Nguyen Phuong Anh: Ikebana

Ikebana, or Kado (花道), the way of flowers, teaches me more than simply how to arrange flowers. It is a discipline through which Japanese people express their philosophy of life as well as their culture.

From my experience, simplicity seems to be method towards attaining beauty and perfection in ikebana. Whenever my ikebana sensei, Ishikawa-sensei, fixes my work, she always mentions that if I think a branch, a few buds, or even multiple leaves are unnecessary to the form, I must not hesitate to cut them out. In order to reveal what is important, one should eliminate any distractions. I find this philosophy very enticing, and actually practical, as it helps me gain determination carrying out my intention.

Interestingly, although ikebana may seem entirely like a creative expression, within its core lies a set of rules expected to be followed. Depending on the season, only certain flowers are chosen to be arranged.  As the meaning of each flower varies, certain ones are meant for certain events. In addition, practitioners must sit in seiza form, hold their scissors properly, and cut the stem at the right angle. Then comes the rules of arranging a specific style itself. The length of the stem, the direction and angle of the flower, and the vessel used vary depending on what style the practitioner chooses. This is Saga Goryu’s approach to achieve 「花を知り、花と語らう、その心と技」.


Such rules, I believe, are to help the practitioner reach simplicity in the final work easier.


However austere my description of practicing ikebana may sound, my experience with ikebana, in fact, teaches me how to be happy. Through hard work and complicated rules, the final work is a simple expression of achievement. Then with some tea and sweets, we reflect on our work, on the process we have been through, and be content with a simple flower in the centre.

I also found a contradiction between my expectation and reality while practicing at sensei’s house. I’ve always imagined a serene setting with high concentration, but there were a lot of interactions among the senpais during practice. In addition to admiring and commenting on the work after someone finishes arranging, the conversations between senpais revolve around daily life things as well.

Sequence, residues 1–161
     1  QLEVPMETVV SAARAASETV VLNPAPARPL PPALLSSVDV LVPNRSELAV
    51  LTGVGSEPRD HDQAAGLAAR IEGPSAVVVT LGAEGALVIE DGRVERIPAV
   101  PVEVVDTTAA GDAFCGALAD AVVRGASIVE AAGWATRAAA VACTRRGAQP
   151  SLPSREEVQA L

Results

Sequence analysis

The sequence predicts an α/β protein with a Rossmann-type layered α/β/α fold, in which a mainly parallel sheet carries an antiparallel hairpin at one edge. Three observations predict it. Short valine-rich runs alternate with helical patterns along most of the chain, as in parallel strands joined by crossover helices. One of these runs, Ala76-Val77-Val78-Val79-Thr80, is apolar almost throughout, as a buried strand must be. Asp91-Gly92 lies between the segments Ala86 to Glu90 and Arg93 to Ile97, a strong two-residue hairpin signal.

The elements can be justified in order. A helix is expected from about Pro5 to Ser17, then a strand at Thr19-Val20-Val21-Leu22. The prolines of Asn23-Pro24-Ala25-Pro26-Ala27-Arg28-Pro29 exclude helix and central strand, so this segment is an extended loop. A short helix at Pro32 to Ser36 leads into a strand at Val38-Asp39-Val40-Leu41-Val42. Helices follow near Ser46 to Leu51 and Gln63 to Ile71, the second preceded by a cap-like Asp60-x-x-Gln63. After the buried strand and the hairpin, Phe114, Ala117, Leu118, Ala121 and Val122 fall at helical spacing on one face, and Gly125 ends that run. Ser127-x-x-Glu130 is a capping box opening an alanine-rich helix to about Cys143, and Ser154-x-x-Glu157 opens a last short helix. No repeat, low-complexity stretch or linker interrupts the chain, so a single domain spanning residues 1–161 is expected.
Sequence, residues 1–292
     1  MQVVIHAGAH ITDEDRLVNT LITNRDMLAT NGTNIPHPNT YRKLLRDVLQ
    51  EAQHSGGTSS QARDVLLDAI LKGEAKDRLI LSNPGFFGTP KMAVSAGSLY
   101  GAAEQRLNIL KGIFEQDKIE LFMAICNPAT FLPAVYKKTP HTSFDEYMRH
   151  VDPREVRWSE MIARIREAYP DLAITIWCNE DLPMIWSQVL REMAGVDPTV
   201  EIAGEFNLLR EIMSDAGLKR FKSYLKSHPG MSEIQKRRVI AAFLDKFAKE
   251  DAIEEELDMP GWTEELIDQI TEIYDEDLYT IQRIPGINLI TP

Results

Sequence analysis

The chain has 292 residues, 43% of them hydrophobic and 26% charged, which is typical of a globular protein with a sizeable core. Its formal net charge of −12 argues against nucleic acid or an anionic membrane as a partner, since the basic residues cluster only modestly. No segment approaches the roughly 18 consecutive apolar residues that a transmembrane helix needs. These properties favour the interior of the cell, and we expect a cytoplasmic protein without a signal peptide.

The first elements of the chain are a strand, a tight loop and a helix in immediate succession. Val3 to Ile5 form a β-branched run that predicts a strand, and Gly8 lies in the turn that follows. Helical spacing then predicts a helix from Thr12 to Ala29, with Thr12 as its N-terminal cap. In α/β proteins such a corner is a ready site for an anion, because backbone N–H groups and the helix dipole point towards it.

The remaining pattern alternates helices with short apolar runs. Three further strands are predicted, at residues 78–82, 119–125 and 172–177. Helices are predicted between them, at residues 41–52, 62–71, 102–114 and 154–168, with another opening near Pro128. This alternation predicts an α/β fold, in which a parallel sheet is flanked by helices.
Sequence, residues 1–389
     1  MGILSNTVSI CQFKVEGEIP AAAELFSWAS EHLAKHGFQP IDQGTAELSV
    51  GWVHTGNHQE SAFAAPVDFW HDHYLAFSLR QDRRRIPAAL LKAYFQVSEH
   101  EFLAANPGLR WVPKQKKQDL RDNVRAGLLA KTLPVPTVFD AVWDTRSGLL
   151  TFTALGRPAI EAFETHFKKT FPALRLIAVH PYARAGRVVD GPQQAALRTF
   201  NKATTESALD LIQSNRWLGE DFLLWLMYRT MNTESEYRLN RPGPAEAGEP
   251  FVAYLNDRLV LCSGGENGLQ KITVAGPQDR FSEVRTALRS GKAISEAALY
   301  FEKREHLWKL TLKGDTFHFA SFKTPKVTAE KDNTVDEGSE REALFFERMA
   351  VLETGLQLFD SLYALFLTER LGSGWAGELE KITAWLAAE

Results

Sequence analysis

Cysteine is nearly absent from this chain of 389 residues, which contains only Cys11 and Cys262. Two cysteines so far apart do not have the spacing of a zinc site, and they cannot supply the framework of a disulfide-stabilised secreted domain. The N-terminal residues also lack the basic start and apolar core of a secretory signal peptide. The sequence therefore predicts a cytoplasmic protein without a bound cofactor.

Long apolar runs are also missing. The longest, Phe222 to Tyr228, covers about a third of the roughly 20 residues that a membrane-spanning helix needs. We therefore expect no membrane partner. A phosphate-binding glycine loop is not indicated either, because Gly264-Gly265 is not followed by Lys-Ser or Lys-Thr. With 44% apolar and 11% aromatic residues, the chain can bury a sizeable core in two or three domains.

My experience with ikebana through doing CIP has been a combination of both modern and traditional Japan. While the teachings are strict, the environment within the sensei’s house is completely casual. It is amazing to see both happening at the same time and place.

2 thoughts on “Nguyen Phuong Anh: Ikebana

  1. I can just imagine all of those senpais talking and laughing after a hard day’s flower arranging. How much older are they? I imagine Ikebana being more of an adult activity, though I wonder if any of the younger generations have taken any liking to it. Would you yourself recommend it to others? I am guessing only certain types of people can fully enjoy this process…

    Personally, I enjoyed your comment on the lesson you learned, indicating that distractions should be removed whenever possible. This is indeed a mature concept to follow, and I can see it being ignored by many of the younger people of today. Heck, staying concentrated on the computer doing homework while so many other distractions exist at the push of a button makes doing tasks much harder than it should be. I know from experience. I am glad you have been exposed to this lesson, however. I strive to do the same myself.

  2. Thanks for the comment, Ivan. Ikebana is, perhaps, a more adult-like activity, and while my senpais are mostly in their fifties, I think young people would enjoy it if they like creating art with flowers. In fact, there are two students around my age who usually come on Tuesday night session (one of them is actually a study-abroad student like us). The girl takes very meticulous notes and makes very beautiful artworks, and the guy is always very patient with his work.

    Ikebana is definitely a very strenuous hobby and would probably only spark interest in certain types of people like you have said. But when you’ve gotten the hang of the rules, it will definitely be more fun. You then get to create, express, and present. If one looks at Ikebana as a way to experiment with flowers through creativity, the process would surely become more enjoyable 🙂